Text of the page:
12 November 2008


Journalists and other civilians are deliberately being targeted by rebel forces and government-backed militias in eastern Democratic Republic of Congo, report Journalist in Danger (JED), Human Rights Watch and other IFEX members.

Rebel leader Laurent Nkunda's forces battled the Mai Mai, government-backed local militias, on 4 and 5 November for control of Kiwanja in North Kivu province, killing at least 20 civilians trapped in the conflict zone.

On 4 November, Belgian journalist Thomas Scheen, African correspondent for the German newspaper "Frankfurter Allgemeine Zeitung", and his interpreter Charles Ntiricya and their driver Roger Bangue, were abducted by Mai Mai forces in Kinwanja. They were released three days later.

Alfred Munyamaliza Bitwahiki Njonjo, a journalist and presenter on the community radio station Radio Communautaire Ushikira (RACOU), who was reportedly killed in the clashes, is in fact alive. In a phone interview with JED, Njonjo and RACOU's editor-in-chief Faustin Tawite said that, fearing for their lives, they took refuge in a United Nations Mission (MONUC) camp on 7 November.

But RACOU, the only radio station in Kiwanja, was pillaged by Nkunda's forces, says JED, and Njonjo's home was burned down by Mai Mai militias. The station had been airing government press statements and interviews with officials about the security situation. Four other stations in the war zone have pre-emptively shut down, fearing looting, reports the Committee to Protect Journalists (CPJ).

"The conflict in the Democratic Republic of Congo has claimed many civilian victims," said the International Federation of Journalists (IFJ). "Now the journalists who are attempting to report on this war are tragically finding themselves under attack."

According to the UN, more than 100 civilians have been killed, 150 injured and 250,000 displaced since rebels began their offensive in late August, swelling a refugee population that already stood at one million. The recent fighting has severely hampered aid efforts. Tens of thousands of displaced people are in camps north of Goma, the capital of North Kivu province, while many others remain in urgent need of food, clean water, healthcare and shelter.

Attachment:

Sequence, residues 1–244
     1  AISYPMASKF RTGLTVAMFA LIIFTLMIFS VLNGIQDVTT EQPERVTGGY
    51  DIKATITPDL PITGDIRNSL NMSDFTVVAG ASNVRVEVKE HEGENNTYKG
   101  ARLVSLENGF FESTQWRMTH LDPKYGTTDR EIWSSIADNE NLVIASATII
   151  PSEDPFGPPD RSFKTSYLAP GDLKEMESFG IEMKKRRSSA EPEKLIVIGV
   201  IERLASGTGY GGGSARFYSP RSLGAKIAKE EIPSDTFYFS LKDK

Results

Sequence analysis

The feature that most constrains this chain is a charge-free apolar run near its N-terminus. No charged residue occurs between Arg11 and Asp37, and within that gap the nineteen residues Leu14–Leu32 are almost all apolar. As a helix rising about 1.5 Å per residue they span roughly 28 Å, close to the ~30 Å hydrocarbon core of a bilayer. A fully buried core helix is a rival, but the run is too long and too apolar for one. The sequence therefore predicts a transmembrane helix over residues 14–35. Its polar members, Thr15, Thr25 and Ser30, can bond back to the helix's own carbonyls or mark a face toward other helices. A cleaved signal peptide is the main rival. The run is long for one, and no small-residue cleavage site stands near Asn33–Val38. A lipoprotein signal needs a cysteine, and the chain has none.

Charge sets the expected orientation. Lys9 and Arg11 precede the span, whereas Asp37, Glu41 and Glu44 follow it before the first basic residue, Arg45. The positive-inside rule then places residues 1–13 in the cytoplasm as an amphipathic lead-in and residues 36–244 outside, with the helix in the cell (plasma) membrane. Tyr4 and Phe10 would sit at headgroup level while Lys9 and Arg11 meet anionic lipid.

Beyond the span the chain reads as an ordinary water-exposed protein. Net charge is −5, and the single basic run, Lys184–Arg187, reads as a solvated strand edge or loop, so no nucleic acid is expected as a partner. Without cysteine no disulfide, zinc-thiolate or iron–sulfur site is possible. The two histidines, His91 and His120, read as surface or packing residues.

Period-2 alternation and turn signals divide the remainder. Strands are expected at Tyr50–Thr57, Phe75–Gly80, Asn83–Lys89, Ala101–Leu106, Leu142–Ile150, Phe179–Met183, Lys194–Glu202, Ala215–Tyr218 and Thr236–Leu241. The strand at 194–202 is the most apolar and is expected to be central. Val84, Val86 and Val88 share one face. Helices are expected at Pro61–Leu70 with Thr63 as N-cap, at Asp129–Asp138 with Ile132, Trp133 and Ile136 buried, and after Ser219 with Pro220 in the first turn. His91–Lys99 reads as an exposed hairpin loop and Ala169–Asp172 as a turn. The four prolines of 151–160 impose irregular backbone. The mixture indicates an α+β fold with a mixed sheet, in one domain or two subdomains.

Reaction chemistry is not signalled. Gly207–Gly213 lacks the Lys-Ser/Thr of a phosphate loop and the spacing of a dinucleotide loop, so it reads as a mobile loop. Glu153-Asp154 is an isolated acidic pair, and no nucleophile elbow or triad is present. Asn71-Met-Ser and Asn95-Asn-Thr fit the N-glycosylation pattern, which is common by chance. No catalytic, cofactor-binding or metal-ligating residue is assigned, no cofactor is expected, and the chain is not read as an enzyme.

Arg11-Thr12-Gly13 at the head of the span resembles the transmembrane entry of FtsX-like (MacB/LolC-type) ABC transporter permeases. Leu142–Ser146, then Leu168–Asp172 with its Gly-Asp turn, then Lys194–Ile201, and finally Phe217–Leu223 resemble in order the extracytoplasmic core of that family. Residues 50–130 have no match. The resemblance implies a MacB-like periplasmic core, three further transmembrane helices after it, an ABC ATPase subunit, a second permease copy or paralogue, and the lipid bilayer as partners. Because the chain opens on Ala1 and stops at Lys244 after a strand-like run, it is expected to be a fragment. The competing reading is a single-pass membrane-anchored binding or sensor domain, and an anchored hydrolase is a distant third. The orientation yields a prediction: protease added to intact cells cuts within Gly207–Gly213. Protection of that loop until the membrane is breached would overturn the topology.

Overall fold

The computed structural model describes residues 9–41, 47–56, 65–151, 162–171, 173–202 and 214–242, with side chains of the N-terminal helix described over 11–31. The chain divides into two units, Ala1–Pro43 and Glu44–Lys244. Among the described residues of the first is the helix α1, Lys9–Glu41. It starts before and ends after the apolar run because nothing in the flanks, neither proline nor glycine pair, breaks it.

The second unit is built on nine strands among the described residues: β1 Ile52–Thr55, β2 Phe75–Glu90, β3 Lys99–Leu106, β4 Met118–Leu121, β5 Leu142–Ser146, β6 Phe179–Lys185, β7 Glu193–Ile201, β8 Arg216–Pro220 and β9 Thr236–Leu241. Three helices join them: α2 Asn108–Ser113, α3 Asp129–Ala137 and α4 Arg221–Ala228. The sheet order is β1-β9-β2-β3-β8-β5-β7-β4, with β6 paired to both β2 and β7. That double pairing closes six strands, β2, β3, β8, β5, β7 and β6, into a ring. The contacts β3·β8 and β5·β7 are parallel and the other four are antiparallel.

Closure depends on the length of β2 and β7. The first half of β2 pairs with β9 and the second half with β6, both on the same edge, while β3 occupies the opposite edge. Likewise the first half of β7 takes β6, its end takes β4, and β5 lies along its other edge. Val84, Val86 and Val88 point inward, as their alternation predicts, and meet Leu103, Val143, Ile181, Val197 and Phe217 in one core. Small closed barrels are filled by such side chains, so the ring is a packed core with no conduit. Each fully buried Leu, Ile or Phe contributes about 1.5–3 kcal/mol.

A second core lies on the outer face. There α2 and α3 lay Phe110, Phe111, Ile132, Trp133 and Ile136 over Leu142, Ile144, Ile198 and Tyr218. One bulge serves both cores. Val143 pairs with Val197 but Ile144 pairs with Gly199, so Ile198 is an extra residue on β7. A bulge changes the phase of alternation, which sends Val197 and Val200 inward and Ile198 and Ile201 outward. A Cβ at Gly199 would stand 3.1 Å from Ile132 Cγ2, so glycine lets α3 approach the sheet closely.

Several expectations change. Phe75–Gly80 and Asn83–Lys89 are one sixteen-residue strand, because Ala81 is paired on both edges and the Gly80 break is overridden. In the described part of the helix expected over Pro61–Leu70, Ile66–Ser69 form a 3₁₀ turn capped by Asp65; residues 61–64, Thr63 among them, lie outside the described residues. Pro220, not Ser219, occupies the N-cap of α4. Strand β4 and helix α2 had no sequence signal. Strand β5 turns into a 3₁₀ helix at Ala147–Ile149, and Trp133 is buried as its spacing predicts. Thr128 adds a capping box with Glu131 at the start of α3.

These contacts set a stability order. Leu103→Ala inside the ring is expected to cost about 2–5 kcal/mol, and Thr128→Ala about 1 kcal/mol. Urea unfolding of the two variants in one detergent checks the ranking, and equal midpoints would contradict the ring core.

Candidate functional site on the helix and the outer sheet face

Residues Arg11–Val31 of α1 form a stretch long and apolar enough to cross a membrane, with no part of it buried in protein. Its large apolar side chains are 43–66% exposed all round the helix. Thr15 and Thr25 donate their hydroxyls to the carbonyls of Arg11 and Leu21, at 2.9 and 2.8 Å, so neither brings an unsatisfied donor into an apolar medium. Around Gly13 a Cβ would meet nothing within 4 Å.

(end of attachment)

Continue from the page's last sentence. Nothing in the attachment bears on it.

Nkunda claims to be fighting to protect his Tutsi community from attacks by Rwandan Hutu rebels, who fled to DR Congo after Rwanda's 1994 genocide. According to CPJ, groups are also struggling over the rights to rich mineral deposits.

In recent weeks, Nkunda's forces have taken a series of towns and villages near Goma. Government soldiers looted houses and stole vehicles from humanitarian agencies before fleeing. The UN also reports of women being raped during the looting.

JED, Human Rights Watch and at least 10 other human rights and humanitarian agencies are asking governments to respond to the UN's urgent appeal to send more peacekeepers and reinforcements to MONUC, which has been unable to halt abuses against civilians.

Visit these links:
- JED: http://www.ifex.org/en/content/view/full/98362/- RSF: http://www.rsf.org/article.php3?id_article=29220- CPJ: http://tinyurl.com/5t7vrg- Human Rights Watch: http://tinyurl.com/64qy2c- BBC: http://news.bbc.co.uk/2/hi/africa/7722069.stm(12 November 2008)

Democratic Republic of Congo

IFEX members working in this country 1

More from Democratic Republic of Congo